This post was written almost a month before it goes online, but this long-from discusses several “easy-to-follow” tips and hopefully motivates you to blog. I steadfastly remain committed to this format, because it allows me to write by keeping the central idea in place (and adding my perspective) to the mentioned context. Needless to say, it helps me enrich myself personally.
Why and how to write things on the Internet | benkuhn.net
The easiest way to get demotivated about writing is to compare your first post to the polished output of your favorite writers, conclude you’ll never get that good, and give up. This is a mistake. Almost nobody’s first post is amazing (see e.g. mine); instead, most writers learn incrementally about what works and what doesn’t as they publish more. The two commandments above are about going through that feedback cycle as fast as possible. All the specific advice below is given with the intention of optimizing for this.
I was also thinking of writing about the “long-formism”, i.e. putting in ideas for long-term growth. Blogging, obviously, is one way forward, but will break up the ideas into small digestible pieces to gain meaning around it. That’s for some other time, though.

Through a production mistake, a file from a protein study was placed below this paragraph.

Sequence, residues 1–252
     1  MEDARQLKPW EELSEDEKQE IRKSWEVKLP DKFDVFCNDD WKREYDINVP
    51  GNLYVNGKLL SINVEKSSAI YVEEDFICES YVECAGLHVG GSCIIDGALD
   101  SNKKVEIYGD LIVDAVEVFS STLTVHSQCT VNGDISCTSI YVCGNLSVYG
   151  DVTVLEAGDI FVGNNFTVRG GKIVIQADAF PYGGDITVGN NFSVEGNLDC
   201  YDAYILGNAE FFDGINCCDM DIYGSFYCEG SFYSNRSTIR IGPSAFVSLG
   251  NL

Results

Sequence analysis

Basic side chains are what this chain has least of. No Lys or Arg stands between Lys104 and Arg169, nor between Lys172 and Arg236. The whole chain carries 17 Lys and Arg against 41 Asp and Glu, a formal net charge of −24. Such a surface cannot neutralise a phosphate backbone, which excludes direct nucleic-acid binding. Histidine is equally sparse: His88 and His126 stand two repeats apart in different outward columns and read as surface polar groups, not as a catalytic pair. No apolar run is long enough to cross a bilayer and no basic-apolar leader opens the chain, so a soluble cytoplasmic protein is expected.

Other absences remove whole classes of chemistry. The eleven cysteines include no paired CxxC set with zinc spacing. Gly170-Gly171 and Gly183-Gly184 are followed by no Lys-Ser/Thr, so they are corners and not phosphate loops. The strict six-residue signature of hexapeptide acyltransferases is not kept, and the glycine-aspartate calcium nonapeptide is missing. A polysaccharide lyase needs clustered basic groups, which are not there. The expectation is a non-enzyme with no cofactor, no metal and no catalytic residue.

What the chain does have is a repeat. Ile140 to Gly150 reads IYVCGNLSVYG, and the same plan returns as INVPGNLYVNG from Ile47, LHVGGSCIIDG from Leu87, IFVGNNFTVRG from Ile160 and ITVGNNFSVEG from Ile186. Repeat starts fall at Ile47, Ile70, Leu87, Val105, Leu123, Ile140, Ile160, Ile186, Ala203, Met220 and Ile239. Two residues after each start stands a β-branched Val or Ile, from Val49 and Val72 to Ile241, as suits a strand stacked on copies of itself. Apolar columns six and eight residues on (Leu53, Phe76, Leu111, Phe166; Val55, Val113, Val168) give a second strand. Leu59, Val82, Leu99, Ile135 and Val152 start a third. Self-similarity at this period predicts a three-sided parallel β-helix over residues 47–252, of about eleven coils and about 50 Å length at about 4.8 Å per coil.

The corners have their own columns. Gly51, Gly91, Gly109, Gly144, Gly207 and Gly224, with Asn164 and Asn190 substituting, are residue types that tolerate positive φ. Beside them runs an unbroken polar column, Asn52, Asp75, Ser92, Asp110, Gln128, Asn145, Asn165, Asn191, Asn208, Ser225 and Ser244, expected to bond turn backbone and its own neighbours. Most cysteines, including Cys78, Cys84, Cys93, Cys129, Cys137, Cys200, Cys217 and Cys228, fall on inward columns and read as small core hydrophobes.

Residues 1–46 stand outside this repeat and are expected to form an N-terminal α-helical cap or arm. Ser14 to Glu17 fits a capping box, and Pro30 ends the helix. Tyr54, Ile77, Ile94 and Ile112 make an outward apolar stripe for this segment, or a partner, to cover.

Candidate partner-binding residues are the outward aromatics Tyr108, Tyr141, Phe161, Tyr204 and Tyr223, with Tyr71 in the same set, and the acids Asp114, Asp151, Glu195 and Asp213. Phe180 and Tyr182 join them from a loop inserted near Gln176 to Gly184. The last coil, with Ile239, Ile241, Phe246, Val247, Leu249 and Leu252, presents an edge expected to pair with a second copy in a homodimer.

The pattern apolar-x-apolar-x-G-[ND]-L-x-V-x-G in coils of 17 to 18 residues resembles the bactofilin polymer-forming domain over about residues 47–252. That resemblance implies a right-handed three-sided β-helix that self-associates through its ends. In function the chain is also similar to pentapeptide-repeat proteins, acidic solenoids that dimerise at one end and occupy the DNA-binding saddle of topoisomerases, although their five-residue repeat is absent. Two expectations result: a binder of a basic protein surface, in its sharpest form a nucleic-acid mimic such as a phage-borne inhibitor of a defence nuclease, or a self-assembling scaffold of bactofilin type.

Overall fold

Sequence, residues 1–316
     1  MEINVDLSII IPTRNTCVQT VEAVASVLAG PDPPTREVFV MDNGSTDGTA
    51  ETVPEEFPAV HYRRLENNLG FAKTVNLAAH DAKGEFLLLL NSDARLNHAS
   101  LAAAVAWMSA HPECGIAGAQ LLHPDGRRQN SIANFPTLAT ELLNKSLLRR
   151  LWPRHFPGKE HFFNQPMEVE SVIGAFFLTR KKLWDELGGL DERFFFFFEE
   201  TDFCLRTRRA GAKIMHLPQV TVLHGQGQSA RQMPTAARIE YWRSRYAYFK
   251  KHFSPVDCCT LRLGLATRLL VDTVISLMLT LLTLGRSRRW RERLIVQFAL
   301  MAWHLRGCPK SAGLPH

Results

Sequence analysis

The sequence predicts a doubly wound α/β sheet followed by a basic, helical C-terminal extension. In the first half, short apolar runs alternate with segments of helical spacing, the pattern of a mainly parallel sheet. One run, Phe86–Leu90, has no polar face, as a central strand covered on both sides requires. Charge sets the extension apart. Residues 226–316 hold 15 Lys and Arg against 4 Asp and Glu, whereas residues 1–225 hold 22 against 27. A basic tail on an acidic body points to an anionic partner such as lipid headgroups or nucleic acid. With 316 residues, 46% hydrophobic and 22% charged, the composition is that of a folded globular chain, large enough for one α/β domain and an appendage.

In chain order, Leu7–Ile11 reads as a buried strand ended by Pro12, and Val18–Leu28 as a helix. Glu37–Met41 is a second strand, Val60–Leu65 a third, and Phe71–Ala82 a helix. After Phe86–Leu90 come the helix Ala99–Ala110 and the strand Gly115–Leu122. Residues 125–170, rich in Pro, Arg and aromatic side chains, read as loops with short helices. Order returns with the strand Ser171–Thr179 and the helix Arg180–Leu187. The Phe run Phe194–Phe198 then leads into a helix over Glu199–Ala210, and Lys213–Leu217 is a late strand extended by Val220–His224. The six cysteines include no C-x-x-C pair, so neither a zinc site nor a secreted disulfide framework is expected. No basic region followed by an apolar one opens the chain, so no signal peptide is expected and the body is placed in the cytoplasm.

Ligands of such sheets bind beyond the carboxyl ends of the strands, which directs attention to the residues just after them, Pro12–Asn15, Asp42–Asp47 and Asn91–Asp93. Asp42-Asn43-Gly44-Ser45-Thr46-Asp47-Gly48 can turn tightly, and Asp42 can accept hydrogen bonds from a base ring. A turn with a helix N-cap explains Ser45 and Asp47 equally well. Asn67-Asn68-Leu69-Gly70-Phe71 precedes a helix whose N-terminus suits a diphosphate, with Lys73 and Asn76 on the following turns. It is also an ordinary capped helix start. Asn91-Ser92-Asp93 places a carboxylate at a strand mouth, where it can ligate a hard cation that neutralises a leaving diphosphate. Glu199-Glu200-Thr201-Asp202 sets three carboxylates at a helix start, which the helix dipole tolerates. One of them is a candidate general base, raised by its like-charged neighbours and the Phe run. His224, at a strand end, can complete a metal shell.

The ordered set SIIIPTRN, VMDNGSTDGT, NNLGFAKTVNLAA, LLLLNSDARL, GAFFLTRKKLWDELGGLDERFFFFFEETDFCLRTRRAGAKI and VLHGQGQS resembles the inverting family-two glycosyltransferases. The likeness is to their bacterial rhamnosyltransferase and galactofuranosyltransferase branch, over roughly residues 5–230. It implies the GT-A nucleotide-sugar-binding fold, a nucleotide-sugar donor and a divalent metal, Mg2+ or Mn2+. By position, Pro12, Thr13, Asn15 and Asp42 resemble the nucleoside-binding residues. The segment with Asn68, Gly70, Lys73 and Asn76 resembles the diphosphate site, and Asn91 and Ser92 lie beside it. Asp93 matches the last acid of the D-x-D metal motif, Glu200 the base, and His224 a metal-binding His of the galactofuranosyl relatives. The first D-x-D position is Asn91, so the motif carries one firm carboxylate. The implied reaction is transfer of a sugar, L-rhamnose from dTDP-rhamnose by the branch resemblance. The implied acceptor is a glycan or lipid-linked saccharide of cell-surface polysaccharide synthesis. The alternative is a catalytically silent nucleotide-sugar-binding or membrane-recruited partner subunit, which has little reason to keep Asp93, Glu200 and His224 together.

Here’s another very good point:
Separately from the quality of your writing, consistency is also important for getting readers. People are less likely to subscribe to your blog, or remember to check it, if it looks like it updates very infrequently.
Finally, blog posts are one of the ultimate examples of searching for outliers—the best ones are massively better than the average. And one of the best ways to improve your chances of getting an outlier is just to take lots of shots on goal.
I don’t link to my previous writing, on purpose. These are dynamic ideas; in a state of flux. The posts are only intended to introduce the concept and lead the reader to discover it on their own.
Plan your writing instead of Twitter threads. Those only work for “signalling” you as a thought leader. Writing long-forms offers something more intimate instead. Personal enrichment. That’s the goal.